Worry Free Viewing and the Math Behind Enjoying Anime

I’ve suspended the Anime Power Rankings since I dropped half of the shows I was watching.  I might start it again when I catch up with Shirobako and Your Lie in April.  If there were any type of ranking, Durarara! would still lead the pack.  Honestly though, I don’t know if that is because it is a higher quality show, or if I just overlook it’s issues.  Durarara! is at the top because it is entertaining, and because that is all I am asking it to be. I am not worried about whether or not the show is worth my time.  I am not trying to decide if it is living up the source material.  I am just enjoying the ride.  This is easy to do with Durarara!.  I have not read the light novels and I know from season 1 that I really shouldn’t be concerned if I don’t understand what is going on. I also know from season 1 that the end result will probably be pretty good.  This has reminded me that when I watch anime, I need to make more of an effort to just relax and try to enjoy the show.

You should too.  It is the nature of geeks everywhere, and particularly on the internet, to take things way too seriously. (Particularly things that were not intended to be taken seriously)  I’ve given this advice out before on forums, but I’ve haven’t said it here yet.  Let’s start with the bad news.  The majority of every type of media (or anything else of variable quality) is going to be average.

Using the T-scores on the illustration above, you can determine that out of all anime being made, 84% are going to be a 6 or less out of a 10 point scale.  By the process of selection,  you should be able to shift your personal distribution slightly to the right, provided you don’t spend time watching shows you don’t like.  To a large extent though, how much a person enjoys anime depends on how much they enjoy the “average” anime.

If you find that you don’t enjoy the majority of anime of anime you watch there are a few things that can you can do to help:

1. Be more selective – The catch here is that you have to really understand your preferences and the anime that you are selecting from.  It takes some experience to figure out what you really like, and the only way to understand what to expect from anime is to watch a lot of anime.  Even if you try to be selective, you are still going to end up with some stinkers, but by weeding out some of the worst shows you can marginally improve the quality of what you watch.

Pro: The overall quality of the anime you view will go up, but not by a lot.

Con: You are going to miss out on some shows you would enjoy.

2. Be patient – Waiting until after a show has already aired gives you the benefit of other peoples opinions.  You can find a reviewer that you generally agree with or you can go to a site like myanimelist (MAL) and use the law of large numbers to help you out.  A word of caution about MAL, a lot of people, for some strange reason, rate shows before they are done watching them.  Hell, some shows are rated before they are even aired.  You have to wait until a sufficiently large number of people have rated a show before you can trust that rating.  However, if you see a show like Steins; Gate that is rated very highly by a large number of raters, you can probably assume that it won’t be awful.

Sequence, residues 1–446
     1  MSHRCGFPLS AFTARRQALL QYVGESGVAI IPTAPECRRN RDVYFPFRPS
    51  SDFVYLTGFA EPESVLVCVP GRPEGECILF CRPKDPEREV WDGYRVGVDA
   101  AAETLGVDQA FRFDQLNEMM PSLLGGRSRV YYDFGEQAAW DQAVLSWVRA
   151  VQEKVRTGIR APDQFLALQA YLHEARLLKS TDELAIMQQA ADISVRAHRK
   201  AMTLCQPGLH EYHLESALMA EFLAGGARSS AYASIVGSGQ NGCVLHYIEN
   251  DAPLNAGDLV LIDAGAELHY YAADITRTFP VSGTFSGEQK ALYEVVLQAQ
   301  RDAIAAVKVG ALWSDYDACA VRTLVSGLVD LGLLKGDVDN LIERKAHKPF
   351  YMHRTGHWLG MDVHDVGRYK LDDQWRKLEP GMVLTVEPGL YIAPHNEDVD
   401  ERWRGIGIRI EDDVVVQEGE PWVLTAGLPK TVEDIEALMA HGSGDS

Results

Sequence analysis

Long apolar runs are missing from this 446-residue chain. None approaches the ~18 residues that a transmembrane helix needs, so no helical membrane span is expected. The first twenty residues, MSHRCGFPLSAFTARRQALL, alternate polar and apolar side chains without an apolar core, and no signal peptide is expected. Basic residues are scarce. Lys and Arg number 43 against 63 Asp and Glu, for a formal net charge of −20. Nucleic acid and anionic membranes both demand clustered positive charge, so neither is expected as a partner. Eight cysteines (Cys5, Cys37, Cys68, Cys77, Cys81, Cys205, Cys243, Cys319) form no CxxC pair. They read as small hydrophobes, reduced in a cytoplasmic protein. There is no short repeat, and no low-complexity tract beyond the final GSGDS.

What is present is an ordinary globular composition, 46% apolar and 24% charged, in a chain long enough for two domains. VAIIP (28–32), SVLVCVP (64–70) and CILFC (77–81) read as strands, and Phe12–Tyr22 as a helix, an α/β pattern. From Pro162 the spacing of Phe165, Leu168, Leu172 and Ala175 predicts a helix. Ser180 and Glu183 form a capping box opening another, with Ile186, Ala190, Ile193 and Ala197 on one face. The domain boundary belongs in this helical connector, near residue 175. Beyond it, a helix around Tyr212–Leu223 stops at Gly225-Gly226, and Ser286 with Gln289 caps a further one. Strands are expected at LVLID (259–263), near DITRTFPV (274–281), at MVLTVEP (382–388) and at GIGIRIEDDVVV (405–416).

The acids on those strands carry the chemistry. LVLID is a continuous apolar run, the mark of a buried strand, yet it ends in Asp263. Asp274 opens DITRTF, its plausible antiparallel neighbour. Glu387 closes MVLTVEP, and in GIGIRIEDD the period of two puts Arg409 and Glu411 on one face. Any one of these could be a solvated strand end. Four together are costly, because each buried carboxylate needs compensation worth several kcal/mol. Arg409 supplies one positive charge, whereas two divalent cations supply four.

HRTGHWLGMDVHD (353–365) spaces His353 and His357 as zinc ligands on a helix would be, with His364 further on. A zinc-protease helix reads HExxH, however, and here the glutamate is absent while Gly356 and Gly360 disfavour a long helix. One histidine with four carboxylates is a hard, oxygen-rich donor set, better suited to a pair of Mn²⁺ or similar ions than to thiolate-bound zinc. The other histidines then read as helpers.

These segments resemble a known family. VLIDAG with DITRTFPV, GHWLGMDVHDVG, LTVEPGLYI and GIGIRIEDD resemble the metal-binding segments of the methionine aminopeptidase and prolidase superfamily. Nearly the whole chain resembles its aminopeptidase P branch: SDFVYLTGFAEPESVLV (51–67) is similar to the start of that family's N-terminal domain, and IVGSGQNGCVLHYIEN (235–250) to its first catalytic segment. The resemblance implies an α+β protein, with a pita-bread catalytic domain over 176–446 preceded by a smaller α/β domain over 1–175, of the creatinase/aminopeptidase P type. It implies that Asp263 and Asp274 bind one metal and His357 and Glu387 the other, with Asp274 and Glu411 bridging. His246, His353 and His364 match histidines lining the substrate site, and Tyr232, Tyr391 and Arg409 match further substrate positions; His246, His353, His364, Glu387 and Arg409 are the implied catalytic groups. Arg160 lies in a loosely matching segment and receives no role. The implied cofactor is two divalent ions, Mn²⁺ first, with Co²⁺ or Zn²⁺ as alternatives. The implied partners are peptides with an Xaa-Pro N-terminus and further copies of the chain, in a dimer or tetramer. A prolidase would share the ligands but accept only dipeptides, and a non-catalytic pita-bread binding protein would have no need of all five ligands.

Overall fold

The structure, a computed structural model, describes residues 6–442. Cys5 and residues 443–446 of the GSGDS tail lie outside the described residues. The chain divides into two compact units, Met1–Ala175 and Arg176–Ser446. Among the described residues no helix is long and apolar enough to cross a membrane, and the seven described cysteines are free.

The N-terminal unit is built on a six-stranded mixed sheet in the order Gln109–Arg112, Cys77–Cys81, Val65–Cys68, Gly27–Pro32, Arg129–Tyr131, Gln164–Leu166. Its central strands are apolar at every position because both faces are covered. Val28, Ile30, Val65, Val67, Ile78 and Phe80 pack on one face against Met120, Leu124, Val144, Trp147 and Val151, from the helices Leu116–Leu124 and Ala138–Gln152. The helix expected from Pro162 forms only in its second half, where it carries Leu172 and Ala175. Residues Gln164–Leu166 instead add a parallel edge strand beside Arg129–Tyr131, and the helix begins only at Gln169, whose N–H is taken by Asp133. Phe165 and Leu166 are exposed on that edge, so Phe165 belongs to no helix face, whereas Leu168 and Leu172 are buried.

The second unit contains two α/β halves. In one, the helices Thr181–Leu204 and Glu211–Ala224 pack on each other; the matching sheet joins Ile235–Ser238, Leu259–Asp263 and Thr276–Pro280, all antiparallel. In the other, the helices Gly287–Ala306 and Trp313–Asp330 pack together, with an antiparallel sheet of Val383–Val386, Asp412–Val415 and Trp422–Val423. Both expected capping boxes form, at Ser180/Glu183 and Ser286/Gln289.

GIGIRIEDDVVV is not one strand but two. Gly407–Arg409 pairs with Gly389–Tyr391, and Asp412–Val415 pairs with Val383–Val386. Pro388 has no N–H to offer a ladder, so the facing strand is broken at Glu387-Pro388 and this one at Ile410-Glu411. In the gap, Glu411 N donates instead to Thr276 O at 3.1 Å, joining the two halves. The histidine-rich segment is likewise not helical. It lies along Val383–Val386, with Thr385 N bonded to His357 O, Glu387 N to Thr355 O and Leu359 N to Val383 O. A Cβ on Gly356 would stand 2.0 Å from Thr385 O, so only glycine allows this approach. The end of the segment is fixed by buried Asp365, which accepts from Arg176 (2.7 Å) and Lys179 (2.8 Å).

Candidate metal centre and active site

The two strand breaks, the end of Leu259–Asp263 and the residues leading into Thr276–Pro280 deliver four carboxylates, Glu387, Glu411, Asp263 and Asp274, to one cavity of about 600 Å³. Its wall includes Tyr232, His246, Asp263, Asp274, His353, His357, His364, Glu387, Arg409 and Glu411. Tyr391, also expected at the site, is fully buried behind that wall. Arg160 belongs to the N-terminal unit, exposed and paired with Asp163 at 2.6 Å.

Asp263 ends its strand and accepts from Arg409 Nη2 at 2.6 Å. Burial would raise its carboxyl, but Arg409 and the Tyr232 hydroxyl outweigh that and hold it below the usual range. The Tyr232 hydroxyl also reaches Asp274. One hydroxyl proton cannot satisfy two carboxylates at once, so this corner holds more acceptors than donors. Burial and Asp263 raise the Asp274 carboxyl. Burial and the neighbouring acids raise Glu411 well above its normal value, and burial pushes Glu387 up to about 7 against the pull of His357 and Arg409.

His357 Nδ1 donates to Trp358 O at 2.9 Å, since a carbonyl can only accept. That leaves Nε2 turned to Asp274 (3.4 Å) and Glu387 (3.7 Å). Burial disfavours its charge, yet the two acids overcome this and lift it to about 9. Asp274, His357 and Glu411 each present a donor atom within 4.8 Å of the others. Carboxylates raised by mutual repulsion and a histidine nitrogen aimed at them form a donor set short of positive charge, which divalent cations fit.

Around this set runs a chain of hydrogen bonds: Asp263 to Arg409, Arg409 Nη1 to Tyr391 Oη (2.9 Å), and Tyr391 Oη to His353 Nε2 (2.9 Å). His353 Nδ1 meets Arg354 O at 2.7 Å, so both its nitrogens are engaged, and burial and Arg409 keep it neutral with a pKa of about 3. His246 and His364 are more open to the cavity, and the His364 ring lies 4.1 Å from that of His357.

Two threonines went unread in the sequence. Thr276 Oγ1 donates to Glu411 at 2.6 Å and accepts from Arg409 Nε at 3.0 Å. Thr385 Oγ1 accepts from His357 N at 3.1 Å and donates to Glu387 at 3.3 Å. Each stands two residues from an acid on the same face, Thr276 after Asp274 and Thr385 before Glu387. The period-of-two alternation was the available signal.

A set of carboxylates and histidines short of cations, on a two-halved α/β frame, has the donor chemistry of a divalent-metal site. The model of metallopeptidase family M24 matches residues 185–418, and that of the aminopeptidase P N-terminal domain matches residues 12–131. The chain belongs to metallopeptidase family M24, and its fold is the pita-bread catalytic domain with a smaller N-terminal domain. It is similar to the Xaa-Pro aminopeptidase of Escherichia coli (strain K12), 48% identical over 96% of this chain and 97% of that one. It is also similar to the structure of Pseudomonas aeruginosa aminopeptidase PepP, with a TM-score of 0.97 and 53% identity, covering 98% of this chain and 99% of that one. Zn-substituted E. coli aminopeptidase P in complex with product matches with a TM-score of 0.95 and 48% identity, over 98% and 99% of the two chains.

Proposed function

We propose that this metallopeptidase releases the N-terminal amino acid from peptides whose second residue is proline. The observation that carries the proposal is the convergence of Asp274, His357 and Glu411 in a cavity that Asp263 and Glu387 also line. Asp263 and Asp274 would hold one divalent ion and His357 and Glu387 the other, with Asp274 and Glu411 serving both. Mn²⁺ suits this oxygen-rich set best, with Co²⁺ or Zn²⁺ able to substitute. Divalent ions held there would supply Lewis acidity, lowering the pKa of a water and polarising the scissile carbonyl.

Pro: The overall quality of the anime you view will go up.

Con: You lose the opportunity to discuss the shows you watch with the rest of anime fandom.

3. Lower your expectations – This feels like selling out, and I suppose to certain extent it is, but not every show is going to knock your socks off.  Great animes don’t come out every season, so watching a ton of simulcasts and expecting to see the next big thing will inevitably lead to burn out.  The trick here is not to lower the quality levels you require to consider an anime good, while acknowledging that only a few of the anime you watch will meet those standards.  Try to enjoy shows for what they are and appreciate the ones that give you more than what you expected.

Pro: You will enjoy the shows you watch more.

Con: You are going to watch a lot of mediocre anime.

4. Take a break – If you are unhappy with what you are watching, and the above suggestions aren’t helping it might be time to take a break from anime.  Just because you enjoyed the shows that people generally refer to as great, that doesn’t mean that you are going to be the type of person who will enjoy watching 12 simulcasts during a season.  Trying to wade through all the mediocre anime to find the gems might not be your thing.  There is nothing wrong with only watching a couple of the best shows a year.

Another thing to consider is that people change and tastes change.  A large number of anime fans I have met on the internet have been in their late teens or early twenties.  People go through some pretty big personality changes during these years.  Perhaps anime isn’t something that fits with your current interests.  If you take a break and find that you miss it, you can always come back.  If instead you find that the time you spent watching anime was more enjoyably spent doing something else, then that is what you should be doing.

Pro: You’ll have time for a new hobby and you can always come back.

Con: You are going to miss out on some great shows.

I was dissatisfied with the time I spent watching anime about this time last year, so I took a break.  I spent my viewing time watching shows that were pretty highly rated that I had missed.  When I decided to come back to simulcasts, I decided to be more selective.  What Durarara!  reminded me is that I also need to lower my expectations and just enjoy the ride.  Shows are a lot more fun to watch when you do.

 

 

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